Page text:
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1970 AAR 'Cuda Barn Find and Rescue: An Old-Timer’s Memory Piece
Barn finds are a 50:50 game of roulette sometimes you win, sometimes you lose. When you get a tip-off, you’re never sure what hides behind the rusty barn. It could be a classic race car in need of love or a rotting pile of junk that will sell for pennies at a wrecking yard. Ryan Brutt knows this too well, so when he stumbled upon an AAR 'Cuda neglected for nearly 40 years, it had to make the cover of his latest 'Muscle Car Barn Finds' book.

1970 AAR 'Cuda Barn Find and Rescue: An Old-Timer’s Memory Piece

1970 AAR Cuda Barn Find1970 AAR Cuda Barn Find1970 AAR Cuda Barn Find1970 AAR Cuda Barn Find1970 AAR Cuda Barn Find1970 AAR Cuda Barn Find1970 AAR Cuda Barn Find1970 AAR Cuda Barn Find1970 AAR Cuda Barn Find
Brutt could hardly believe it when he first bumped into the AAR Cuda. The find completely blew his mind. He first discovered the rare muscle car in a rusty white horse shed in 2016. The classic gem was dusty and forgotten in time. The Cuda had painted gills on the quarter panel, a Rallye dash, and keys still stuck in the ignition.

The 1970 AAR Barracuda had been sitting in a barn for close to 40 years. This gem is an original 340 6-pack 4-speed manual, a third-generation Barracuda produced between 1970 and 1974. The 70s Cuda is a redesign and did not come with the original fastback look, but now came as a traditional coupe and convertible.

The AAR (All American Racers) was a special team led by Dan Gurney. Born in an age of muscle cars, the 1970 Plymouth AAR 'Cuda was an homologation special designed for the track. It came with a 340-cubic inch V8 engine that made a modest 290 hp. It ran on a rear-wheel-drive setup with a 4-speed manual transmission.

The 70s 'Cuda is a John E. Herlitz design and came with a shorter and wider version of the B-platform known as the E-body from Chrysler. The 1970 Dodge Challenger T/A also used this platform, even though they were Trans-AM rivals. It was initially produced to race the Ford Mustang in SCAA road racing.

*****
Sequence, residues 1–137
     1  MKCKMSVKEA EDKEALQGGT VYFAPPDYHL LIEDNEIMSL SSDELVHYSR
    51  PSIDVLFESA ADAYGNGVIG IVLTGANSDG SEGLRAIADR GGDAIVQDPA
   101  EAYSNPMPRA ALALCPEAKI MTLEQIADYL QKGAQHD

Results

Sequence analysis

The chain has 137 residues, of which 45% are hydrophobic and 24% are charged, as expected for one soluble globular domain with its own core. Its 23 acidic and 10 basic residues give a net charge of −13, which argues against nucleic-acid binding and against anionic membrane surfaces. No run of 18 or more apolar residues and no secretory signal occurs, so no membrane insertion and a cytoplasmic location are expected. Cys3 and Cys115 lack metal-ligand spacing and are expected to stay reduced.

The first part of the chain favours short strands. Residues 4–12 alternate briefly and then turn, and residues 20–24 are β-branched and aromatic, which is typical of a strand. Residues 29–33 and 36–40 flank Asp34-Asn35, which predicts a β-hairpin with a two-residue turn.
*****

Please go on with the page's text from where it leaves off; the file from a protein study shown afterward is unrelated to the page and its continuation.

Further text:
The AAR’ Cuda also featured staggered front and rear tires, distinctive strobe side stripes with an AAR decal, a black grille, and a unique trunk lid spoiler.

In August 2020, Brutt met up with the owner of the AAR 'Cuda at the Dubuque Mopar Show in IOWA. The owner had pulled it out of the barn for some much-needed ‘TLC.’ This was the first 'Cuda public appearance at a show.

The owner retained everything keeping it 100% original other than the wheels. Keith, from Noel Automotive, did a check on the car and confirmed the engine is original and has never been out of the frame and that everything else from the seats to the doors was stock.

While the 'Cuda was up and running, the owner didn’t do much on the body, perhaps to keep it as original as possible. It has visible signs of rust on the underside, paint wear on the top, and significant fade on the exterior panels. Nonetheless, it looks mint for a Cuda that’s been sitting in a barn for 40 years. In my opinion, it could be a lot worse.

The AAR 'Cuda had two previous owners before the current one. The first owner had it for a year and a half, and the second one had it for six months before the current owner bought it in 1972.

You are probably wondering why he kept this car in a barn for 40 years. Well, it had a sentimental value. He used it as a daily driver for about 15 years, raced it, and even dated his wife in it for three years. It is a 3,400 lbs memorabilia.

When Brutt asked him what motivated him to restore the Cuda, he was quick to answer that he had just turned 68 and wasn’t getting any younger.

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